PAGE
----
I am doing a bachelor researchproject on oligocene artiodactyl teeth on the University Utrecht (The Netherlands). For now it looks like to be Iberomeryx Minor :). But my question is about something else:

I come from biology and for me the transition to paleontology was a pretty big step. There are so many different possibilities in this very specialist workfield. My professor asked me if I could make a report about all the techniques that are currently used around the world on (vertebrate) paleontology and score them on costs, durabilty, time consuming, etc. It costs students to much time to search and read about the possiblities for their researchproject. With this report new students have a quick guide what is possible in this field. Most students have only the basic knowlegde about what is possible from popular literature and documentaries.

Now is my question to you experts:

How did you (paleontologists) experience the transition from a regular major (expl. geology or Biology) to the real paleontology work? (expl. internships or researchprojects)

If you know some state of the art researchtechniques please let me know ;)
(Isotopes, 3d printing, microwear etc.)

Thank you!

What happened to me was I finished a BS in Ecology & Evolutionary Biology while taking some paleontology courses in the Earth & Environmental Sciences department and working in a paleontology lab on campus. I realized that I wasn't happy with just the biology degree, and asked the PI of the lab if he could suggest some additional courses in geology to help me get into grad school if I ended up in a geology or earth sciences department. He had been hoping for a while to put together a joint biology/geology degree and it had never happened, but he was happy to suggest some courses, and I ended up taking enough to get a second BS in Environmental Geology. The lab I was working in focused on stable isotope ecology, so those were the kinds of researchers I looked for when searching for grad schools, and I ended up doing a Masters with someone who had done stable isotopes during their PhD but was transitioning to microwear, so I got a bit of experience with both techniques.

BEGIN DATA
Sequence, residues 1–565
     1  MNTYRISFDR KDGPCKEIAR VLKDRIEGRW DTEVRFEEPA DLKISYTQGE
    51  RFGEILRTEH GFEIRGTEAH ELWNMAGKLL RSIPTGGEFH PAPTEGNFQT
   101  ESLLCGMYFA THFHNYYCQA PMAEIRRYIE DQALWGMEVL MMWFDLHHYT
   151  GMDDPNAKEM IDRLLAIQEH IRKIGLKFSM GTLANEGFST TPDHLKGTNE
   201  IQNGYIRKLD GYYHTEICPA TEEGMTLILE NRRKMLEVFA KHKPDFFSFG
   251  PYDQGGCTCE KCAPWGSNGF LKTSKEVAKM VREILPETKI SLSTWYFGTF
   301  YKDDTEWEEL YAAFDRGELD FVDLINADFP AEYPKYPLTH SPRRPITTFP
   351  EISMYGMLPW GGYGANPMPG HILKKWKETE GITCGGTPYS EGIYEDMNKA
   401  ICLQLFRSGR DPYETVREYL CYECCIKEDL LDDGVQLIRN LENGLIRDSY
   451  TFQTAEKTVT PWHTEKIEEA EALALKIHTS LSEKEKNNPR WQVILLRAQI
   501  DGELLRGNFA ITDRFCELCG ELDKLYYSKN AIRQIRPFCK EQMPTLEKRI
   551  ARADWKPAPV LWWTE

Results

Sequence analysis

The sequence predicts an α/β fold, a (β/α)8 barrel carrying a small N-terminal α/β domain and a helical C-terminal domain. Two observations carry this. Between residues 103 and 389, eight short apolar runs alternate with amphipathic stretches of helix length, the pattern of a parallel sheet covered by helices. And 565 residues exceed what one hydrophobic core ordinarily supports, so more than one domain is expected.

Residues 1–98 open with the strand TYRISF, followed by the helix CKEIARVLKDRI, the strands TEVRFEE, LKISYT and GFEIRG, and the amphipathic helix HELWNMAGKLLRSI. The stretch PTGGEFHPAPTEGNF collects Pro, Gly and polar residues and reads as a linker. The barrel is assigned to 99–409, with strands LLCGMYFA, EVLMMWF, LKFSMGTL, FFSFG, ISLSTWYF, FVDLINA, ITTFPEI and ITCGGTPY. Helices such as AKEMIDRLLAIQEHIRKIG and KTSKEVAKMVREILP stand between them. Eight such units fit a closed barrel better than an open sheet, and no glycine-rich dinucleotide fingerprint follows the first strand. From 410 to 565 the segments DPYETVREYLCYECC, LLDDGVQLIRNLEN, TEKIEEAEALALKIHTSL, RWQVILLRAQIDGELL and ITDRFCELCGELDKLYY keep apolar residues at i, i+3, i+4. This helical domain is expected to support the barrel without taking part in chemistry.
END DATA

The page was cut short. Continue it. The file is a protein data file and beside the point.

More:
I think the undergrad degrees were great, but I never would have pursued paleontology as a career without that experience in a working lab, getting my hands dirty and seeing what doing the science was really like. Hope that helps!